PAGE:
The numbers are all from a report released yesterday by the Federal Statistical Office and discussed in today’s Frankfurter Allgemeine (p. 9).

All told, people who only hold a foreign citizenship make up 8.9 percent of Germany’s population, a share that has held steady since 1998. Average tenure in the country is 16 years. On average, Slovenes have stayed longest, with 26 years. (The Slovenes up and downstairs from my apartment have got that beat by a good bit.) Spaniards come next at 25, which is only fair given Mallorca, followed by Croats and Austrians (23), Italians and Greeks (22) and Turks (19).

The main reason the share of foreigners has held steady, according to the Statistical Office, is that people who are eligible are taking German citizenship, under a law that went into force in 2000. There are still plenty of problems associated with migration, immigration and integration, but these numbers are basically good signs.

And the next time a conservative German politician says something about the country not being a destination for immigration, please, laugh out loud. It’s the only appropriate response.

A French Referendum?

More information is now becoming available about the proposed UK referendum on the EU constitution which Nick drew our attention to yesterday.

The FT has an article today which fleshes out some more details, including the fact that an ‘unnamed’ French minister expressed fears that any decision by U.K. Prime Minister Tony Blair to hold a referendum on the European Union constitution may hurt the treaty’s implementation.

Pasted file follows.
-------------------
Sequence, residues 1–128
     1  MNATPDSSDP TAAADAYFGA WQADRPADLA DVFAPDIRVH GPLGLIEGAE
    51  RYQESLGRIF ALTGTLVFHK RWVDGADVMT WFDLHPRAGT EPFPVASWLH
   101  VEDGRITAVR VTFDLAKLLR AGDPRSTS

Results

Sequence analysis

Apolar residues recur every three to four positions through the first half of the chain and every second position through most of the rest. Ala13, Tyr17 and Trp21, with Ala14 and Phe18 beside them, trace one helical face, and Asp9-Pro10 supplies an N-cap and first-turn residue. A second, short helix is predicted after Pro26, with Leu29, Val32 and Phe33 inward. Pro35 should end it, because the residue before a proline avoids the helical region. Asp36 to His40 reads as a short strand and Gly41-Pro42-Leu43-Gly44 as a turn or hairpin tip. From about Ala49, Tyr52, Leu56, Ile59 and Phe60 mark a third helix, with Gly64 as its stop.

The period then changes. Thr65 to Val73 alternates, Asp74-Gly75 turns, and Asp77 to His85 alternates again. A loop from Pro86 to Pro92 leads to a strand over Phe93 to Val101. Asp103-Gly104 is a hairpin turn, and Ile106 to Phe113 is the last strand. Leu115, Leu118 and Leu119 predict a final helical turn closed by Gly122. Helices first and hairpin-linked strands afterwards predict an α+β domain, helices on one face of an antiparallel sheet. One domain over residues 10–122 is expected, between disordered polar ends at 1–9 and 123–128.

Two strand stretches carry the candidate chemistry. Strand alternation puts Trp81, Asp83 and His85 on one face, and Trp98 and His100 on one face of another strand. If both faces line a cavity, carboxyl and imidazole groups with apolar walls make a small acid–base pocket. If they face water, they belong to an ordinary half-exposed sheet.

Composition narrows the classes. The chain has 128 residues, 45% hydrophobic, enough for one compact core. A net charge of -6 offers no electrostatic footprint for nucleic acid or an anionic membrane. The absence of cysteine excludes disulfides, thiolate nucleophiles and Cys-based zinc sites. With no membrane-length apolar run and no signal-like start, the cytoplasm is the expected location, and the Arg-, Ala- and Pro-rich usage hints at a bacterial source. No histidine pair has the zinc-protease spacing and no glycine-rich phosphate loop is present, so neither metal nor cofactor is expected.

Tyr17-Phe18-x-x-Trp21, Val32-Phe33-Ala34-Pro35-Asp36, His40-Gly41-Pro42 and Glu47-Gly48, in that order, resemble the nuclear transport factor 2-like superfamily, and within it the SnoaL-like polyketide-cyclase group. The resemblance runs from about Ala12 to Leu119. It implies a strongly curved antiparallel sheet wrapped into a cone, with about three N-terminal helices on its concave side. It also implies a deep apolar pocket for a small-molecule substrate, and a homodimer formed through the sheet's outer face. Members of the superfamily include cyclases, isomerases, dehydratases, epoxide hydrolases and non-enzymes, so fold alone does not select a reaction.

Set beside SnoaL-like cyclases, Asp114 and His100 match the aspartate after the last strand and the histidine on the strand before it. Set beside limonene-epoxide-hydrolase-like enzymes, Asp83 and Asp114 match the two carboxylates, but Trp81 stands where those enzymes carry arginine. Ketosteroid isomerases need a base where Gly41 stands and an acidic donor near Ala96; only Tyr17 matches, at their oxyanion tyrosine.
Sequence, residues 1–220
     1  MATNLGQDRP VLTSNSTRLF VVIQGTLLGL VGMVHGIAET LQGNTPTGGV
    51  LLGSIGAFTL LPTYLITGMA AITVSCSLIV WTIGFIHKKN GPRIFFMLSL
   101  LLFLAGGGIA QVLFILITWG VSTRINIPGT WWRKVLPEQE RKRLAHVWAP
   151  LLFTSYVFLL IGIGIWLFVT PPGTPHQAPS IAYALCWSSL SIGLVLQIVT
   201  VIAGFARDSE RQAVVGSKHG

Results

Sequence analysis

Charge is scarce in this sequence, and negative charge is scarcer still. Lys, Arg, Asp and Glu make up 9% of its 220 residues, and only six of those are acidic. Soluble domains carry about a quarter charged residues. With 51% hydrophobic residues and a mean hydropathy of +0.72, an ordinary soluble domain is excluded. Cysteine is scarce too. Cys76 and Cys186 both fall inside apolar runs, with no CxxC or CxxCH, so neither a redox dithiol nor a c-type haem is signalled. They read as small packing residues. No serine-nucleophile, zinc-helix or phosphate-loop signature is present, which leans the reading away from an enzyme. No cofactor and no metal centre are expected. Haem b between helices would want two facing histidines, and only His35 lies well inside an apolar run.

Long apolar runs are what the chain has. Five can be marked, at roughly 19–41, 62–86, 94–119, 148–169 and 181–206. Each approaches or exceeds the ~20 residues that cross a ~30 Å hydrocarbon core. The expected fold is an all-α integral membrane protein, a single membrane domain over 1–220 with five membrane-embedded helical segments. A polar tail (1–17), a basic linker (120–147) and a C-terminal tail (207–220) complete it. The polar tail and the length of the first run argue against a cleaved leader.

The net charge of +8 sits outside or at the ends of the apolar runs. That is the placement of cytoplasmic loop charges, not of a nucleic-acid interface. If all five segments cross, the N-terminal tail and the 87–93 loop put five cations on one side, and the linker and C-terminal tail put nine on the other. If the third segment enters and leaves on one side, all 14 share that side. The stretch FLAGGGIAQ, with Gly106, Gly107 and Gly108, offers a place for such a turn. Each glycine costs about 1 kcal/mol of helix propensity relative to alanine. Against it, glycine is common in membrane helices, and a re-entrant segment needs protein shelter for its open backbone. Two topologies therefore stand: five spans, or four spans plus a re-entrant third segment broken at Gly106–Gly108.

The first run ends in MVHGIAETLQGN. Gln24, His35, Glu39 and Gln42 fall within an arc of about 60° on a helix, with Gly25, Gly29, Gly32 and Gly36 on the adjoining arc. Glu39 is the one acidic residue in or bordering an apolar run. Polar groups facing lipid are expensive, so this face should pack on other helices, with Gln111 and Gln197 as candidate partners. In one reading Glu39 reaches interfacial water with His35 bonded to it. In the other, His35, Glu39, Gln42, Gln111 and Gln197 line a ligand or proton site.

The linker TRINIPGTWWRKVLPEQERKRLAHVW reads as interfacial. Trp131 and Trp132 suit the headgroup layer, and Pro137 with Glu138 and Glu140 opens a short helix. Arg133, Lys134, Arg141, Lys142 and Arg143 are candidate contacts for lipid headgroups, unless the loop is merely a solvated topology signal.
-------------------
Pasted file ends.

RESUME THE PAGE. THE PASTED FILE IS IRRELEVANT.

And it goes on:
We don’t see any malice in Tony Blair’s decision as he is not an adversary of European construction . . . However, it [Mr Blair’s move] does create difficulties as the treaty needs to be ratified by all members.”

You bet it creates difficulties. Seven other EU members have already indicated they will or could hold referendums on the treaty: the Czech Republic, Denmark, Luxembourg, Ireland, Netherlands, Portugal and Spain. Now it is clear that France will be under pressure to do likewise. It would be a foolish person who tried to make a short-list at this stage of those which were a certain bet to say yes.

Spain’s Withdrawal From Iraq

This morning is not a happy one for me here in Spain. I had not anticipated that Spain’s new president, Jos? Luis Rodr?guez Zapatero, would take the decision about the troops that he did yesterday, and I regret his having taken it.

In fact I was furious with him, since I feel the approriate place to have announced this decision would have been in the Spanish Parliament last Thursday and Friday – during the debate on his ‘canditature’ – where there would have been the possibility of a full and free debate on the decision itself, its timing, and its implications.